A few weeks ago my husband returned late from picking up our two children from school, their return quiet and hushed - not like the typical raucous and chaos they bring after school.
I greeted my family at the front door, our youngest baby on my hip, my eyebrows raised in concern. My husband looked me in the eyes, and I knew something was off. I gathered my children in my arms like a mother hen, and looked at his worried expression, attempting to remain calm and collected despite feeling completely out of the loop.
We made the kids a snack together, the silence feeling thick between us, and then we sat down to eat and talk. My husband shared that he had been asked to the school’s office, because there had been an incident in our first-grader’s class.
“What kind of incident?” I asked, preparing to hear that my daughter has caused some kind of trouble.
“A boy was kicking her repeatedly, kicking her vagina,” my husband said calmly, but not casually.
We talked more, my daughter recounted how she had asked the boy to stop, how she went for help, and we talked about the way that the school had handled the situation. We told our daughter how proud we were of her, we hugged and held her, and then she squirmed away and asked to watch television. She left the room, and my husband and I looked at each other, all of the pain and grief in our eyes. We whispered a promise to talk about this more, once the kids were in bed.
We went about the rest of our day, while I kept a close eye on my six-year-old. At bedtime, I asked if she wanted to talk more about what happened at school, and we did. I could hear in her voice her resilience, her quick forgiveness, her desire to move on and forget. I squeezed her tight, willing my tears away, and held her until her breathing was shallow and she had drifted off to sleep.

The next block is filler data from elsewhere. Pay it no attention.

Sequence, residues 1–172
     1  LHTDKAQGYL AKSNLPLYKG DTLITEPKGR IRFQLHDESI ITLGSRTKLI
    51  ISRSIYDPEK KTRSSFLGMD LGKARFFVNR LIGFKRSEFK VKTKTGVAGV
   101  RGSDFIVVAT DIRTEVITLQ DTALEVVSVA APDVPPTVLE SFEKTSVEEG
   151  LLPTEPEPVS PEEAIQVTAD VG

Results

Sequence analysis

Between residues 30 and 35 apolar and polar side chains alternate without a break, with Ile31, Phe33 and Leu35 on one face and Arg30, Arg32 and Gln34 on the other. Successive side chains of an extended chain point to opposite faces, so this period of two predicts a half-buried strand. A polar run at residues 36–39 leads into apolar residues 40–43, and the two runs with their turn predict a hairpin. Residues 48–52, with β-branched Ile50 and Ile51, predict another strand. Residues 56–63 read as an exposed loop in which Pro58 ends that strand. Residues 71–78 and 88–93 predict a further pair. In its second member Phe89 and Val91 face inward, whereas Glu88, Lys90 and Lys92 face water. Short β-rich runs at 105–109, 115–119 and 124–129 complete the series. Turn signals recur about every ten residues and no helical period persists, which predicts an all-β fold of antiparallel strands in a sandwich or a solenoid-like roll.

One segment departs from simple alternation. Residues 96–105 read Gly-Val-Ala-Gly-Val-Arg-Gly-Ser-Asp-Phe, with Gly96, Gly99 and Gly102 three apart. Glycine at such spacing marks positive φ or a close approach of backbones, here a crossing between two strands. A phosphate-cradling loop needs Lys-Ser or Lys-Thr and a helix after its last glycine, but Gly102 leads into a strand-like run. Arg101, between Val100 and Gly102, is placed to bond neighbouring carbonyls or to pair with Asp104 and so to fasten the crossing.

When I went downstairs to join my husband, I cried all of the angry and hurt tears I had stuffed down inside of myself. It wasn’t fair that my precious first-grader had been violated by another student. I wasn’t willing to shrug this off as nothing. That’s something my parents’ generation would have done, but not me. My husband held me, and we talked about how to continue to handle the situation. We were thankful for a school that had taken the incident seriously - a school that was making sure to support our daughter, and us as parents.
I feel angry that we live in a world where my young child would experience another child crossing her personal boundaries. One of the comments the child made was that it was okay that he did what he did, because he “liked” my daughter. I was furious, knowing that I had worked so hard to raise a daughter with healthy boundaries around her body, when someone else wasn’t doing the work to keep their child and others safe.
“She did everything right in this situation,” my husband reminded me, from getting a friend to support her, to telling a teacher, to being willing to talk openly with us about how she felt. But it made me sad, that our child had needed training in what to do, when (not if) someone violates her personal boundaries.
It is not okay that this happened to my daughter, but the reality is that some children will violate the boundaries of other children. When two six-year-olds are involved, it’s crushing and heartbreaking, but it also offers an opportunity for teaching. I believe this young boy has the opportunity to learn from his mistake, and I believe our school is doing their best to approach this situation in a healthy way.
No matter what age, a child sexually harming another child is not okay. When this happens it should be taken seriously, and support should be given to both children and parents involved. This is a learning opportunity, an opportunity to help children understand better physical boundaries, and how to use their voice and speak up when they’re uncomfortable.
For us, the wound is still fresh, that our child was harmed at school and there was nothing that we could do to protect her. It’s a terrifying reminder that our children might get hurt when we’re not around, and it’s our job to teach them how to handle these situations, instead of ignoring and avoiding talking about them.
For more information about child sexual abuse, and children harming other children, please read this informative and informational document by Stop It Now!